This doesn’t mean that they aren’t lethal. The kinetic energy alone from a rocket has caused death and damage even when the warhead doesn’t explode. But still, I’m thankful for small favors such as the stale rocket supply of the bad guys, as you will see if I ever get around to the actual topic I’m supposed to be posting about, namely my experiences to date.
But before that, I’ve just got to cover one more related area – the idea of leaving your trailer here at the Palace Compound in the IZ for a duck & cover shelter. I have a shelter not 10 steps from my trailer door, but I never leave during an IDF attack. Our trailers are surrounded by walls of sandbags (remember my snaps of the exterior décor motif?), and it would take a direct hit on top of my hooch to get me. I would be much more at risk in that 2 to 10 second range running outside to get to the D&C shelter. So when the CRAM goes off, I just hit the deck (I bought a nice rug I put next to my bed just for this purpose) and wait it out.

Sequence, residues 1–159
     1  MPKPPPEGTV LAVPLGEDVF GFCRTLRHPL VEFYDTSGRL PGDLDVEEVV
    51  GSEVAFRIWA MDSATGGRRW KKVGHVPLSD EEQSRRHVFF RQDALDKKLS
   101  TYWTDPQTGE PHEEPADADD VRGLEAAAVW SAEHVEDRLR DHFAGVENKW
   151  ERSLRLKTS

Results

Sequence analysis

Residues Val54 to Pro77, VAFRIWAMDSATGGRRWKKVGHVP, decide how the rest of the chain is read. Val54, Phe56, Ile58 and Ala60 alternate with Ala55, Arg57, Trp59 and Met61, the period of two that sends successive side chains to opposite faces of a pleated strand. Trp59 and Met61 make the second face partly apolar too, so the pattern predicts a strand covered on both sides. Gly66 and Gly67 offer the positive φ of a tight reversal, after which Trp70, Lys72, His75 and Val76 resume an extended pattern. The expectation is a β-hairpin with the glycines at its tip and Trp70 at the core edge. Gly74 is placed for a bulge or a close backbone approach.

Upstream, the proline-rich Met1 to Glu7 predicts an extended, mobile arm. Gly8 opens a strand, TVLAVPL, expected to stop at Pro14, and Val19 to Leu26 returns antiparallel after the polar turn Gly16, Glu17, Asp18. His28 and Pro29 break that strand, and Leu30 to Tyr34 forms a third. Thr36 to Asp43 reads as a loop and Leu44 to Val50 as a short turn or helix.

And for rocket attacks, well, there isn’t any time to do much of anything. Usually the CRAM goes off after the first rocket hits. I hate rocket attacks…
So I believe my first CRAM alert was that Monday night, 14 May – the first and only time I left my trailer for a D&C shelter. There was another the following night. And then on 16 May, after one of the last briefings we attended as part of our in-processing to life at a PRT, RBG wanted to walk down to Freedom Tower and visit the Baghdad PRT (PRT-B), where we would be working beginning the next week. Her intent was to meet the Acting PRT Lead before he went on leave the following day. I agreed to tag along, mostly because I didn’t like the thought of her walking up Haifa Street alone. I’m fairly certain that she was fairly certain that I would react that way, which is why she mentioned it to me in the first place. However that may be, after the brief, around 3pm or so, we headed out of the Palace Compound and up the street.